Today is the Feast of Christ the King. And how Kim and I have been blessed today by a high Latin Mass celebrated today by the Institute of Christ the King …
Now, it is a truism that the Catholic Church has changed a great deal since Vatican II.
It is also a truism that since Vatican II the Catholic Church has – as it is frequently remarked – ‘made peace with modern world’ …
Truism: the word invites the idea of triteness, something that everyone knows so well that there is little point to mentioning it. In modern American vernacular: “Well, duh” …
And the things I have just said about Catholicism are often taken as truisms.
But are they?
For how many people today truly realise how radically – how very, very radically – the Catholic Church changed in the 1960s?
And by contrast, how few people see how radical the Catholic Church was before the 1960s?
Radical: etymologically the word is related to the Latin radix for root and the late Latin radicalis (“of or pertaining to the root, having roots, radical”).
And before the 1960s the Church challenged the very roots of modern society.
Now, due to many pressures, I have not easily been able to write this weblog recently.
And today, the Feast of Christ the King, there is little time to expand on the above ideas. They must wait for a time when I can truly develop them.
Instead of writing much myself, then, I will draw from an old Catholic missal, regarding the Feast of Christ the King. But not too old – 1945 in fact.
For there we see, still in 1945, how radically contrary to the modern world (i.e. from the roots up), the Church still was, less than twenty years before the Council.
For the Missal was hardly radical for its time – it represents the ordinary teaching of the Church then.
Now, the Missal uses the word laicism. Today, we would say secularism and I have taken the liberty of inserting secularism in what follows – as it may help to stimulate realisation as to the enormous, shuddering change within the Church since 1945.
For truly, it is impossible to imagine the Catholic Church of today, speaking like this about secularism:
In his Encyclical of December 11, 1925 [Quas Primas, regarding Christ the King], His Holiness Pius XI denounced the great modern heresy of laicism [i.e. secularism].
It refuses to recognize the rights of God and His Christ over persons and peoples and organizes the lives of individuals, families and of society itself, as though God did not exist.
This laicism ruins society, because in place of the love of God and one’s neighbour, it substitutes pride and egoism.
It begets jealousy between individuals, hatred between classes and rivalry between nations.
The world denies Christ because it ignores His royal prerogatives. It must be instructed on this subject.
Now “a yearly feast can attain this end, more effectively than the weightiest documents issued by ecclesiastical authority”.
The Holy Father has instituted this new feast to be a public, social and official declaration of the royal rights of Jesus, as God the Creator, as The Word Incarnate, and as Redeemer.
Note: Those readers who are students of Valentin Tomberg may note that 1945 is very close to the time of Tomberg’s momentous conversion. He began his first Catholic legal thesis the previous autumn, as the bombs fell on Western Germany where he was living at the time …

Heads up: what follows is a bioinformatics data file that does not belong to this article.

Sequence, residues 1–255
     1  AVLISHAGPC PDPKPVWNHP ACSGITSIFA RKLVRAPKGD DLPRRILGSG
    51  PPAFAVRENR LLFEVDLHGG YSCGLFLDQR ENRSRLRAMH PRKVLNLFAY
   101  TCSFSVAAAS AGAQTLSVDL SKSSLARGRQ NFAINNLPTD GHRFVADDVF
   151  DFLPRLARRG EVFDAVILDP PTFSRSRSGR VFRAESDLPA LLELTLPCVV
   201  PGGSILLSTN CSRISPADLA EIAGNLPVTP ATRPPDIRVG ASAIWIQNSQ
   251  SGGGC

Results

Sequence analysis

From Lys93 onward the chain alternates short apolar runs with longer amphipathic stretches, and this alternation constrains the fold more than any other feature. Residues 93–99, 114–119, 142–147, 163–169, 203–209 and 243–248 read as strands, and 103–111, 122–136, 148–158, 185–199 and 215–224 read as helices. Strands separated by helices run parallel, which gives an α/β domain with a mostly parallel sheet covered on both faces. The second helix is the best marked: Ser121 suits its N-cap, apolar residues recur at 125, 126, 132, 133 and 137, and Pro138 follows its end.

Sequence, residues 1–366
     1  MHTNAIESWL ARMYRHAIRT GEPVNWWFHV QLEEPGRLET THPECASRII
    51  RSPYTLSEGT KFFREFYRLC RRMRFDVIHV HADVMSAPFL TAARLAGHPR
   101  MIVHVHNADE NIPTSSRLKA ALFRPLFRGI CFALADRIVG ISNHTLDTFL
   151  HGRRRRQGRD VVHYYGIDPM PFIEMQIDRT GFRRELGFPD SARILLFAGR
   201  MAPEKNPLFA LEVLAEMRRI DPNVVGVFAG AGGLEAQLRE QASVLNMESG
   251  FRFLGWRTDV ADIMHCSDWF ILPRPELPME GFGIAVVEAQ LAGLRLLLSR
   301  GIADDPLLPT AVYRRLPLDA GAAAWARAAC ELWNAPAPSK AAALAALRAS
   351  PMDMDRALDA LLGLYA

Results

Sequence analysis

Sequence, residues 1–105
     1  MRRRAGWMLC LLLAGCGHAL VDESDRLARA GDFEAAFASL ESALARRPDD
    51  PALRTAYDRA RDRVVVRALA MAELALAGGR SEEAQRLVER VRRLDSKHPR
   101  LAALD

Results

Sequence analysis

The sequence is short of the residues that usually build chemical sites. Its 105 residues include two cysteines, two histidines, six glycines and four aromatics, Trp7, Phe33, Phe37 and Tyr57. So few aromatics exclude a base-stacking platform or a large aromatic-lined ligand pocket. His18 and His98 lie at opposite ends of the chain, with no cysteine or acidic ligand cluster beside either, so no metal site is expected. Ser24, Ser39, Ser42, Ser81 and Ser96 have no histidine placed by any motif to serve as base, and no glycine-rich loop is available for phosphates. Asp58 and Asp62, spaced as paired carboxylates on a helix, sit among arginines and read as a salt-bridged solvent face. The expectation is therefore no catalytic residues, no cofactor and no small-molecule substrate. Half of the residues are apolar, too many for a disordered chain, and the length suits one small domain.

Foreword for Monarchy by Roger Buck
The student who studies closely Tomberg’s legal theses will readily see how they readily pertain to the orientation of the Catholic Church at that time, which is expressed above and which persisted right up until the Second Vatican Council.
For there Tomberg calls on the State to support the Church for the purpose of maintaining Christian civilisation (rather than secular civilisation).
And thus the student of Tomberg may readily understand why, two decades later, Tomberg critiqued Vatican II so strongly – and clearly did not wish to see a Church which had ‘made peace with the modern world’ … (There is more about this here.)
Pressed for time as I am, dear Reader, I will simply leave you with a quote from Tomberg’s legal theses, which has given me much to ponder over the years in understanding Tomberg’s critique of laical or secular culture:
The French Revolution was but a stepping stone – a stepping stone that demonstrated with alarming clarity the great trend of revolutions which began with humanism in the Fourteenth Century, then resulted via the Reformation in the Enlightenment of the Eighteenth Century, which in turn, took “fleshly” form in the revolution of 1789.
From there it advanced via 1830 and 1848 to the international community of 1871 [when the Third French Republic arose, among other things – RB] – and to the Russian revolutions in 1905, February 1917 and October 1917.
The beginning of the revolutionary development is harmless humanism, the swooning over laical culture; and it ends with Black and Red Bolshevism – as the final result of the destruction of the great temple of piety, in which and from which the soul of the occident draws its life-force.
The joy of thinking and researching without God in laical humanism led to the first push in the direction towards further “emancipations”, i.e. the severing of the bonds of reverence: reverence for the Church´s tradition, including her saints and sages; reverence for the tradition of chivalry, including its reverence for women and the sancity of word and honour, finally reverence for the human being itself, with its right to life, liberty and property.
One started thinking without God and one ended up with life without God, the push to liberate oneself from one bond (research liberated from religion) led ultimately to the liberation from all bonds.
Thus was created a human without reverence, the psychological Bolshevik …
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